Spain risks firestorm over pensions in an effort to impress the markets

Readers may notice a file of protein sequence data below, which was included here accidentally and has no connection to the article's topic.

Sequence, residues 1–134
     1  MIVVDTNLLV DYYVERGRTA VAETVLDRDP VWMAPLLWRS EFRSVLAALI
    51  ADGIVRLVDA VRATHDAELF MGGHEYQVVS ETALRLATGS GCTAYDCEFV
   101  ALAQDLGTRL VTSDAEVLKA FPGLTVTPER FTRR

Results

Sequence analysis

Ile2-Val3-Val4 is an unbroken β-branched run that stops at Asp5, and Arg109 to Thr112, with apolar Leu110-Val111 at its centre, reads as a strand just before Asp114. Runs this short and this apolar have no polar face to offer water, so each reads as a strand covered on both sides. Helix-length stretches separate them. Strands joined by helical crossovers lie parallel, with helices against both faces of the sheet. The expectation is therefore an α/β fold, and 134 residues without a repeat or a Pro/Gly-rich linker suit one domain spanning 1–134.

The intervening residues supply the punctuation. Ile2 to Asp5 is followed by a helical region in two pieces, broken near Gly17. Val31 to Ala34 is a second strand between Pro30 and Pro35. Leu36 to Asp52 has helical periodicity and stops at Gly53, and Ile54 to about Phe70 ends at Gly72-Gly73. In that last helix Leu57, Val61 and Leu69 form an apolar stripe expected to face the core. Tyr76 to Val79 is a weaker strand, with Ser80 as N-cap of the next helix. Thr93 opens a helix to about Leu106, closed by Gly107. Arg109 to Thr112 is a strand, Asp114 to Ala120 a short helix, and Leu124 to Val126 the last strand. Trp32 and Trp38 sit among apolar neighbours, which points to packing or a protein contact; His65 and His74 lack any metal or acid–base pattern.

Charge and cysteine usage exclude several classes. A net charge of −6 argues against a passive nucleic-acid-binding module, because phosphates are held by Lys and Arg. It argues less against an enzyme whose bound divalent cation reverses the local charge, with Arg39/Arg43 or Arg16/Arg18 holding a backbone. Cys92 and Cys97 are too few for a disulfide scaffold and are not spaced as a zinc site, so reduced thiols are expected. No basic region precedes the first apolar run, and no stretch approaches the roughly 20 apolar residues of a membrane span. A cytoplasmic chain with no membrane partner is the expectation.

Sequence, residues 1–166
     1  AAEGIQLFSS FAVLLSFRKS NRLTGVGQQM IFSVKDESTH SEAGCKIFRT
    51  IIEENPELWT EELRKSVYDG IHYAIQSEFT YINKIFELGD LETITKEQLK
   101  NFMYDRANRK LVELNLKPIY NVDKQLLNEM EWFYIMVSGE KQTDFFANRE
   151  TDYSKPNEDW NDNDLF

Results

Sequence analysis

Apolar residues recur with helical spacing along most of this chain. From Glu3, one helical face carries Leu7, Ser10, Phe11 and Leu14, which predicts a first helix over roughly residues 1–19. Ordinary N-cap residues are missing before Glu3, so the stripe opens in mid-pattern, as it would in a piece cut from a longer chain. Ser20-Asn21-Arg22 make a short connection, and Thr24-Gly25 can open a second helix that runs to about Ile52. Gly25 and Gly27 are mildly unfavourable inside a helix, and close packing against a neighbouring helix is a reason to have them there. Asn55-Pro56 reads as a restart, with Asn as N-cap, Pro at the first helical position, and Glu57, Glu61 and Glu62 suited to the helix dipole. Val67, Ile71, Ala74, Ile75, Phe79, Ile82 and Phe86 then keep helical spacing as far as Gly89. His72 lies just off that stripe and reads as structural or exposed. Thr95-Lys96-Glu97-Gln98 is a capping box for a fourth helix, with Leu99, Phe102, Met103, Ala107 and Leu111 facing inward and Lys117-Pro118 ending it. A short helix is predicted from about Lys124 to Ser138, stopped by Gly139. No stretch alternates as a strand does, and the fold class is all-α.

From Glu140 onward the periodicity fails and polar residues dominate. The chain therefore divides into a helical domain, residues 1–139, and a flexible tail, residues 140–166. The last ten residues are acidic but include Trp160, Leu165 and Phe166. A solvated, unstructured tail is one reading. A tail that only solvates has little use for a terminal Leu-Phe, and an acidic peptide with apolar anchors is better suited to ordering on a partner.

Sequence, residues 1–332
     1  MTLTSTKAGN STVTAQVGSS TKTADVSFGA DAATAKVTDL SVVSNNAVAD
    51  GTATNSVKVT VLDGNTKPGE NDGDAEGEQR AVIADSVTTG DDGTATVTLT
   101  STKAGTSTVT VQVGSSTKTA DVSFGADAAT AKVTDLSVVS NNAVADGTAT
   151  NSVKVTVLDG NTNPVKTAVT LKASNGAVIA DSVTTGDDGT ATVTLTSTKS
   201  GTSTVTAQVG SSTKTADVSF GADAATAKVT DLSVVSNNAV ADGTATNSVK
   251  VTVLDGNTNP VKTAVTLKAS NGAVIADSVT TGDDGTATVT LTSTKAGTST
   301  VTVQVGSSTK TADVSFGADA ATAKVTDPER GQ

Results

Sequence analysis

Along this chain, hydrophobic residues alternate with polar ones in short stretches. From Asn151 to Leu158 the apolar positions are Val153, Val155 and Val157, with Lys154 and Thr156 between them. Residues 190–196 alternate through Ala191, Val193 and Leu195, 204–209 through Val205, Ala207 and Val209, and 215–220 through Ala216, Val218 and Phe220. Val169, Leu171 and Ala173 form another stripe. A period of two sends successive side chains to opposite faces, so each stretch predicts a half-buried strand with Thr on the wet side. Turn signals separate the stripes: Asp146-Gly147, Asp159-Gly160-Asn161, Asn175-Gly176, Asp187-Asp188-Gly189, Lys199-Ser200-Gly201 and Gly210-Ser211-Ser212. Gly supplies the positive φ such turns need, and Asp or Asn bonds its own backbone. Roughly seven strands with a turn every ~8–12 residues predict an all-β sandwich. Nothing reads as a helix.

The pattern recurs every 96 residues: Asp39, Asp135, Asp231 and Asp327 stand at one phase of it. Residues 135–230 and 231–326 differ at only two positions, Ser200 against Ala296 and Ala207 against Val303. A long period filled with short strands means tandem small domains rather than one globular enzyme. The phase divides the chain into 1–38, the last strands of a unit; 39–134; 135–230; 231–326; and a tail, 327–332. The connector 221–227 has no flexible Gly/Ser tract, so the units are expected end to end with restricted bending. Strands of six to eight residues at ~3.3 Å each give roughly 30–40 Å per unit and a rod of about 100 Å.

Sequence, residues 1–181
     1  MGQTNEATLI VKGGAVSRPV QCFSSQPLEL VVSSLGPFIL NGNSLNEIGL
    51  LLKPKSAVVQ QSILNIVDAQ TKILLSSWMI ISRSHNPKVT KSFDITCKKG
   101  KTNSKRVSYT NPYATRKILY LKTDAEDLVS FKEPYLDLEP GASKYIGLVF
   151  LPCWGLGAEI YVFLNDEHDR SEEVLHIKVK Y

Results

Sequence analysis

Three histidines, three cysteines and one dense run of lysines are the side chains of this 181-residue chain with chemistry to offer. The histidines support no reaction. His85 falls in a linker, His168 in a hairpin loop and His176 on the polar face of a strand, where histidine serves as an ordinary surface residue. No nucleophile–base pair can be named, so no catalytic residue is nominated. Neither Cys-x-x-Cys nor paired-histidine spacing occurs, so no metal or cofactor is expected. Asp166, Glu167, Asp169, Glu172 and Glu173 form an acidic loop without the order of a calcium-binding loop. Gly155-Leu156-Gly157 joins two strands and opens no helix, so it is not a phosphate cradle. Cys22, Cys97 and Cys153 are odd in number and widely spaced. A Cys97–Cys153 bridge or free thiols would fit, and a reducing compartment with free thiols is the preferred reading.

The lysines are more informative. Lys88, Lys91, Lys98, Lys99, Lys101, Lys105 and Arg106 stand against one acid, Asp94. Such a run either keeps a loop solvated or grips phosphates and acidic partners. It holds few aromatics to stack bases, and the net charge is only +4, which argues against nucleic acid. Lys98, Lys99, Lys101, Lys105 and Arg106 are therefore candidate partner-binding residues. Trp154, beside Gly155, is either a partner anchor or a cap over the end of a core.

first_img Share Tags: NULL by Taboolaby TaboolaSponsored LinksSponsored LinksPromoted LinksPromoted LinksYou May LikeMisterStoryWoman Files For Divorce After Seeing This Photo – Can You See Why?MisterStoryTotal PastThe Ingenious Reason There Are No Mosquitoes At Disney WorldTotal PastSerendipity TimesInside Coco Chanel’s Eerily Abandoned Mansion Frozen In TimeSerendipity TimesBetterBe20 Stunning Female AthletesBetterBemoneycougar.comThis Proves The Osmonds Weren’t So Innocentmoneycougar.comAlphaCute30 Rules That All “Hells Angels” Have To FollowAlphaCuteDefinitionDesi Arnaz Kept This Hidden Throughout The Filming of ‘I Love Lucy’DefinitionTaonga: The Island FarmThe Most Relaxing Farm Game of 2021. No InstallTaonga: The Island FarmZen HeraldNASA’s Voyager 2 Has Entered Deep Space – And It Brought Scientists To Their KneesZen Herald whatsapp THE Spanish government’s desperation to calm financial markets means it will risk a political firestorm to impose new pension rules that may not even help its budget for at least a decade.Urged by Brussels and economists, the cabinet is bringing forward the reform, which raises the retirement age — aiming to show it making the hard choices needed to secure public finances and deal with an ageing population in the long-term. The cabinet has already passed a record austere budget and taken tough steps to rationalise its small banks. Over the past week it has also rushed out other measures including state selloffs to ease its cashflow issues. The pensions reform, however, is about convincing investors of its commitment to structural change; savings built up over the last decade mean it will have no impact before 2015 and bring only gradual benefits in the years that follow. That deals with none of the issues of banking, local government spending and growth which have driven a bond market sell-off that shows little sign of abating after engulfing Ireland and Greece.Yet Prime Minister Jose Luis Rodriguez Zapatero last week pulled forward his target for passing the legislation to January from an initial end-March deadline. Madrid’s cost of borrowing continued to rise yesterday – reaching 5.47 per cent on its 10-year bonds – close to levels which drove Greece and Ireland to the IMF. Spain risks firestorm over pensions in an effort to impress the markets center_img KCS-content Monday 13 December 2010 8:42 pm whatsapp More From Our Partners Native American Tribe Gets Back Sacred Island Taken 160 Years Agogoodnewsnetwork.org980-foot skyscraper sways in China, prompting panic and evacuationsnypost.comA ProPublica investigation has caused outrage in the U.S. this weekvaluewalk.comPolice Capture Elusive Tiger Poacher After 20 Years of Pursuing the Huntergoodnewsnetwork.orgRussell Wilson, AOC among many voicing support for Naomi Osakacbsnews.comKiller drone ‘hunted down a human target’ without being told tonypost.comBrave 7-Year-old Boy Swims an Hour to Rescue His Dad and Little Sistergoodnewsnetwork.orgI blew off Adam Sandler 22 years ago — and it’s my biggest regretnypost.comAstounding Fossil Discovery in California After Man Looks Closelygoodnewsnetwork.org Show Comments ▼last_img